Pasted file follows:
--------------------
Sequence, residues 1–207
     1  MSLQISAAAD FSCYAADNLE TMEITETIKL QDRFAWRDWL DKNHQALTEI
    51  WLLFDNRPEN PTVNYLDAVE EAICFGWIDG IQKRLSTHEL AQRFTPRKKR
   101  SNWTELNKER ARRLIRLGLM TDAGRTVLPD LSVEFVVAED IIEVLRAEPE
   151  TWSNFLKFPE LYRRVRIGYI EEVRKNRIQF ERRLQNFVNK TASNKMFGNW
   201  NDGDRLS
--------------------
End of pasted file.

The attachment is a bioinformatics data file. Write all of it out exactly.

Sequence, residues 1–207
     1  MSLQISAAAD FSCYAADNLE TMEITETIKL QDRFAWRDWL DKNHQALTEI
    51  WLLFDNRPEN PTVNYLDAVE EAICFGWIDG IQKRLSTHEL AQRFTPRKKR
   101  SNWTELNKER ARRLIRLGLM TDAGRTVLPD LSVEFVVAED IIEVLRAEPE
   151  TWSNFLKFPE LYRRVRIGYI EEVRKNRIQF ERRLQNFVNK TASNKMFGNW
   201  NDGDRLS